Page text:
To say the Reformation of the 16th century is a “counter” to the Renaissance of the 14th through 17th centuries is to suggest the Reformation movement opposed the Renaissance. This generalization has merit in that some aspects of the Reformation challenge the beliefs that grew out of the Renaissance, but overall, it is a faulty interpretation as Renaissance ideas often fostered the development of the Reformation in many ways.
As previously stated, the two movements reciprocate one another in a few instances. However, the one monumental difference lies in the core reasoning behind the movements. The Renaissance, meaning “rebirth,” is exactly that, a new beginning. Coming out of the late Middle Ages human knowledge was lacking. However, through the Renaissance, an appreciation for life and living in the now was fostered through newfound information in the fields of science, politics, and art, to name a few. Conversely, the Reformation, although equally as dynamic, was more concerned with the issues of the church. More specifically, how one would achieve eternal salvation, either through faith and works, a Christian ideal, or through faith alone, a Lutheran/Protestant ideal.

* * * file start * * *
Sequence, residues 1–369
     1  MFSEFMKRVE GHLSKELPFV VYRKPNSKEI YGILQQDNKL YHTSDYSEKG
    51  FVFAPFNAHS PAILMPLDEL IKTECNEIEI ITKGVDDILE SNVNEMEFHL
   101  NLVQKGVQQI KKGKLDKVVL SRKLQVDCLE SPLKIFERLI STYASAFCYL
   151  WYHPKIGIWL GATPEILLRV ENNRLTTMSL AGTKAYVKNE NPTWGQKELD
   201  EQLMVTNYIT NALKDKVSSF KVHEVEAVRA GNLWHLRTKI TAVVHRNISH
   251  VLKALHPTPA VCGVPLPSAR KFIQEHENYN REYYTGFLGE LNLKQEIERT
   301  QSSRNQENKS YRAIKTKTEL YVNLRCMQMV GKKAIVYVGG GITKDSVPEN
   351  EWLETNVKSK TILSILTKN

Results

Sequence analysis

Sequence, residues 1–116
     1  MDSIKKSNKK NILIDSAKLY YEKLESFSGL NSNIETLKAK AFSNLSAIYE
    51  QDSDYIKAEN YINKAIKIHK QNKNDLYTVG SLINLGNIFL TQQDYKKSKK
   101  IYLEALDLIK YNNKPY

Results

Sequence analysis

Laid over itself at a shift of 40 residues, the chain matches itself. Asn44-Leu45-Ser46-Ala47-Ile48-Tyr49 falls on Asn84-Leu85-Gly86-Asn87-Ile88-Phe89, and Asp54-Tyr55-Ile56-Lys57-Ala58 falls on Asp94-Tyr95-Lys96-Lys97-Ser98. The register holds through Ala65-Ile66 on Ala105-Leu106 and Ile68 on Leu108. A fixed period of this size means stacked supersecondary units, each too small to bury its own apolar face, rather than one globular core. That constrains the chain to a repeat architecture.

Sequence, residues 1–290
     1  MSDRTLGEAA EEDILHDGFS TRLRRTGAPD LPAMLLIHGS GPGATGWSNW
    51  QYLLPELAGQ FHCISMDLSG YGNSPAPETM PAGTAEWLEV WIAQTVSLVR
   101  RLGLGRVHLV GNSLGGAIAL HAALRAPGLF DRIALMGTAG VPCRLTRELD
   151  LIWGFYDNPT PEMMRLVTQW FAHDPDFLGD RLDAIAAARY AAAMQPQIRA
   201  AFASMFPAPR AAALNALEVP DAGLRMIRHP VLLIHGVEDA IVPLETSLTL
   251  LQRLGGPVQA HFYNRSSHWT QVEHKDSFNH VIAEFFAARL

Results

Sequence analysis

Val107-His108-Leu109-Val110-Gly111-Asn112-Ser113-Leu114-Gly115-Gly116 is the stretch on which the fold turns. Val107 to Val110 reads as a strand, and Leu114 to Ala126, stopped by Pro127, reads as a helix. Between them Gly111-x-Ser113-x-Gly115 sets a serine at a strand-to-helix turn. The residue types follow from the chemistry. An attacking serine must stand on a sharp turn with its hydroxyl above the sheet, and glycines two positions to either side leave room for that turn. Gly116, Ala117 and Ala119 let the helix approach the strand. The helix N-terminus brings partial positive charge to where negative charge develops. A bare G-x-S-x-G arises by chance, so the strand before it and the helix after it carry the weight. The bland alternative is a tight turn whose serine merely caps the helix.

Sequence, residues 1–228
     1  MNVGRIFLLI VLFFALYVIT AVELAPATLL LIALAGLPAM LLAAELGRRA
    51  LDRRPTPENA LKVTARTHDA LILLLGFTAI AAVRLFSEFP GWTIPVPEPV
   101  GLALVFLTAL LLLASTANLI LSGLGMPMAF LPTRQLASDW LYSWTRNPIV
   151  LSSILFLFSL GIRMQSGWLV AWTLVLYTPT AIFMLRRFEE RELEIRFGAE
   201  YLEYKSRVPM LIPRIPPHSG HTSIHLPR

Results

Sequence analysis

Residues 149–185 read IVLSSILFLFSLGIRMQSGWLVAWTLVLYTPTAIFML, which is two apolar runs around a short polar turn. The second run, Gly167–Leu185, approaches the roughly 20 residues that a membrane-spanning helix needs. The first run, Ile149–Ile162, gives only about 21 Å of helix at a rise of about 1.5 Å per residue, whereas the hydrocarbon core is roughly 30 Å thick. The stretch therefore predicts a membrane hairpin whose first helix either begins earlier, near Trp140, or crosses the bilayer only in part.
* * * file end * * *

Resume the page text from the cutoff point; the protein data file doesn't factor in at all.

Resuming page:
These few differences are juxtaposed by the many similarities the two movements share. Most obviously, the Renaissance and Reformation began in Europe, Italy and Germany respectively. As for timing, the two began at different times, but shared a peak of popularity in the 16the century. Finally, the movements, arguably, were instigated by the actions of single men. For the Renaissance, Francesco Petrarca, or Petrarch, is dubbed the “Father of Humanism,” as Renaissance learning grew out of his promotion of classicism. As for the Reformation, Martin Luther and his Ninety-Five Theses are thought to have initiated the schism of the Catholic Church. Additionally, it is believed that the creation of the printing press fueled the production of literature that made these reformations possible....
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